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Trauma Sensitive Yoga helps sexual and interpersonal violence survivors reconnect with their bodies

For the past 20 years, the Passageway program has provided confidential support, safety and resources to patients and employees who are unsafe, controlled, threatened or hurt by current or former intimate partners. Now, through a new initiative called Trauma Sensitive Yoga, Brigham and Women’s Faulkner Hospital’s Passageway Community Program Manager Jessica Loftus, LICSW, is offering patients on 2 South the opportunity to begin to heal in a new way.

Loftus herself began practicing yoga in 2000. When she decided to become a certified yoga teacher, she made it her goal to combine her yoga practice with her work as a social worker. She is currently enrolled in the Trauma Center’s Trauma Sensitive Yoga (TC-TSY) 300-hour training, which is an evidence-based practice model that offers embodied healing for survivors. She began at 4 Corners Yoga + Wellness in Dorchester. “There I participated in a teacher training that was deeply embedded in both a trauma informed framework as well as a racial and social justice framework,” she says. “The focus was on the intersection of people’s identities and access issues.”

Part of her training requires her to teach yoga classes so she approached BWFH’s Director of Inpatient Psychology and Training Christopher AhnAllen, PhD, about conducting a yoga class on 2 South. Since November of 2016, she has run her Trauma Sensitive Yoga class two days per week on the inpatient psychiatry unit. “I’ve always been interested in alternative forms of healing and the way in which, particularly women who are sexual and interpersonal violence survivors, feel a connection to their body. It can be very fragmented,” she says. “In Trauma Sensitive Yoga, we focus on reconnecting with your body and experiencing your body in a different way.”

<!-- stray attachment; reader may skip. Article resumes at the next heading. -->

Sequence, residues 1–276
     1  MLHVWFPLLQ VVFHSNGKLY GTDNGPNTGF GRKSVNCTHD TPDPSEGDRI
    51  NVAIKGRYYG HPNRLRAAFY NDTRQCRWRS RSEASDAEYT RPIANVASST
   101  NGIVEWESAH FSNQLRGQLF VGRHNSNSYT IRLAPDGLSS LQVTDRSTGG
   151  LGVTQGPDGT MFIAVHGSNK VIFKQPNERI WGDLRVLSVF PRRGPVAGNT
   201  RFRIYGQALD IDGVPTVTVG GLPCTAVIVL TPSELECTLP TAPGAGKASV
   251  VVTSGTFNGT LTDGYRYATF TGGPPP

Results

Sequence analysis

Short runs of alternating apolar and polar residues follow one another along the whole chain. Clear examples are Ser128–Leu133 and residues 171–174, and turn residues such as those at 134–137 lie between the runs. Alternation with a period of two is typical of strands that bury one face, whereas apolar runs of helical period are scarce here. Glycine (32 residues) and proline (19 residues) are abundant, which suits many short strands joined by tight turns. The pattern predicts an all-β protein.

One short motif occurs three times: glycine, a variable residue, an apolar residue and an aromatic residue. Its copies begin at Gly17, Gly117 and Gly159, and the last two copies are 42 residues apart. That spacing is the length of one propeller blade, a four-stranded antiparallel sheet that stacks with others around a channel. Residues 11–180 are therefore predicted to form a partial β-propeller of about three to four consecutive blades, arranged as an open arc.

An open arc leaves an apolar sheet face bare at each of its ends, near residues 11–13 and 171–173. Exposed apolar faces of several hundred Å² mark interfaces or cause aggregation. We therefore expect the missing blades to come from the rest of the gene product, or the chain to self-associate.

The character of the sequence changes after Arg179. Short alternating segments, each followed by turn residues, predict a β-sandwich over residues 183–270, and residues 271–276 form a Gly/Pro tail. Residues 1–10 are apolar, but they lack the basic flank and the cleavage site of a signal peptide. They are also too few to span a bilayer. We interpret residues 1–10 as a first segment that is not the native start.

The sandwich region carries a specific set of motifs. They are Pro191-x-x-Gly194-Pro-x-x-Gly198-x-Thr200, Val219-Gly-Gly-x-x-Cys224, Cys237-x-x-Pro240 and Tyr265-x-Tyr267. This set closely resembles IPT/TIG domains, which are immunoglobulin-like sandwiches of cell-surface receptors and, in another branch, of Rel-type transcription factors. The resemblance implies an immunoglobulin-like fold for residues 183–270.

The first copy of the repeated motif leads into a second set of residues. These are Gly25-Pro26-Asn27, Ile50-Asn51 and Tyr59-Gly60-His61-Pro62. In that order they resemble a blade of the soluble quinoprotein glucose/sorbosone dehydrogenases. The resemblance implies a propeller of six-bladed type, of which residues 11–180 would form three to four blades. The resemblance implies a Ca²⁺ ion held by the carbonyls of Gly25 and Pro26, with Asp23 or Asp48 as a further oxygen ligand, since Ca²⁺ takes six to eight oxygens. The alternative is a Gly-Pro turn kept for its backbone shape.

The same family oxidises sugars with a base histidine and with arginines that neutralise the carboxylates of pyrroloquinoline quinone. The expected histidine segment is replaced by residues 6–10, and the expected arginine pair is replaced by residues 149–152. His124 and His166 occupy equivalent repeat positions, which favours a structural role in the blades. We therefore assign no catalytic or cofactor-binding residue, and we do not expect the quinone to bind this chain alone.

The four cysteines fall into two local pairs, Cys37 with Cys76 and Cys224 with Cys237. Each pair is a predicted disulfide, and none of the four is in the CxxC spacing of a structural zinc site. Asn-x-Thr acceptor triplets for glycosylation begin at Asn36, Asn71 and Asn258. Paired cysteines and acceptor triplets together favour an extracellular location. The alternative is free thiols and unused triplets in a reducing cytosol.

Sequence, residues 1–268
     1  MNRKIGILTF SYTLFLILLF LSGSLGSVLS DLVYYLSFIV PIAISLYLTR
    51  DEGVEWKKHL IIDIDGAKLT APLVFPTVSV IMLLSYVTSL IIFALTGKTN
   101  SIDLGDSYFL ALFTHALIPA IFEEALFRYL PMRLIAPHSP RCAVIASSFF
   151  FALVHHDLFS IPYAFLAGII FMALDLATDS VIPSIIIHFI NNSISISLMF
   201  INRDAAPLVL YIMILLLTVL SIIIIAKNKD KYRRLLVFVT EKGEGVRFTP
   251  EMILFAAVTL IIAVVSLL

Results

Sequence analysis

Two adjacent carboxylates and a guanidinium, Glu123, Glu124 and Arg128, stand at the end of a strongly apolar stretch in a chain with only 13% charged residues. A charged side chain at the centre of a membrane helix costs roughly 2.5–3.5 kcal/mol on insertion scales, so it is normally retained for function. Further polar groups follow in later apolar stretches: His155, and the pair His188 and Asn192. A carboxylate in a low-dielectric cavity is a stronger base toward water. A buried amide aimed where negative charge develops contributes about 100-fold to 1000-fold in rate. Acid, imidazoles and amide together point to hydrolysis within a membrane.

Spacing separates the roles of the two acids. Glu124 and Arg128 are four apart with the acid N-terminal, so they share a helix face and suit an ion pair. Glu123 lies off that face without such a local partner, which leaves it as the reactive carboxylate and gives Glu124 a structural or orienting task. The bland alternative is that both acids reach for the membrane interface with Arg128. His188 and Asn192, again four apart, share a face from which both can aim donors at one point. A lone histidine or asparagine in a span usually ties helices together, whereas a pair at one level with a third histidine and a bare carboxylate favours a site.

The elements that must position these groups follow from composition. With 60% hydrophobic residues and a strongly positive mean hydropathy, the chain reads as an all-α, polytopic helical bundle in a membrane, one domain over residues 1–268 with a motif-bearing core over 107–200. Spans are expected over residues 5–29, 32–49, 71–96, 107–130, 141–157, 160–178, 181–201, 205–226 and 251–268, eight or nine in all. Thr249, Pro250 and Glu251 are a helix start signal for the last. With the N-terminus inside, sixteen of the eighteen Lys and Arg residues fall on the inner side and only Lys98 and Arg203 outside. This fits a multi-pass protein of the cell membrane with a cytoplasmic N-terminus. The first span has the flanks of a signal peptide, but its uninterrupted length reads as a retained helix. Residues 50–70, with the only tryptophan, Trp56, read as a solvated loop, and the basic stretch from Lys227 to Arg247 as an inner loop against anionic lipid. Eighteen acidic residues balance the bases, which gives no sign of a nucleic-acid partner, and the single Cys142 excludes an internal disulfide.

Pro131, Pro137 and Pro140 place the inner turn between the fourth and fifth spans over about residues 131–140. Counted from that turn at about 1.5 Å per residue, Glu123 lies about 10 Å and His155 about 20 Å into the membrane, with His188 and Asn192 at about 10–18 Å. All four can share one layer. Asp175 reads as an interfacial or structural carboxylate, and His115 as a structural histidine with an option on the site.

For many of her class participants, Trauma Sensitive Yoga is their first experience with yoga. “Our patients are primarily trauma survivors. That means a lot of different things. It can be interpersonal trauma such as violence or abuse or loss of control in their relationship. There are also types of trauma that people experience as related to their identity and oppression that is identity based,” says Loftus. “Yoga has a long tradition of healing, but it’s not always accessible to these individuals for a variety of reasons. It’s expensive. You have to go to a certain space that might not feel safe. The classes may not be led or attended by people that look like you. There are a lot barriers that have kept these individuals from discovering yoga on their own.”

Most patients only stay on 2 South for a short period, so they may only attend one of Loftus’s Trauma Sensitive Yoga classes. However, even a brief introduction can be transformative and empowering. “I find they are really enthusiastic. There is a lot of engagement and a lot of curiosity,” she explains. “We’re offering it as an introduction to something new that hopefully they will explore once they leave.”

In the future, Loftus hopes to be able to offer Trauma Sensitive Yoga outside of 2 South to individuals she has connected with through the Passageway program. “Ideally, Trauma Sensitive Yoga could become part of an individual’s long-term treatment plan,” she says.

October is Domestic Violence Awareness Month. During this month, and always, Brigham and Women’s Faulkner Hospital providers are encouraged to refer patients who may be experiencing interpersonal violence to the Passageway program.

Contact the Passageway program:

617-983-7854

617-732-6660

Beeper # 39342

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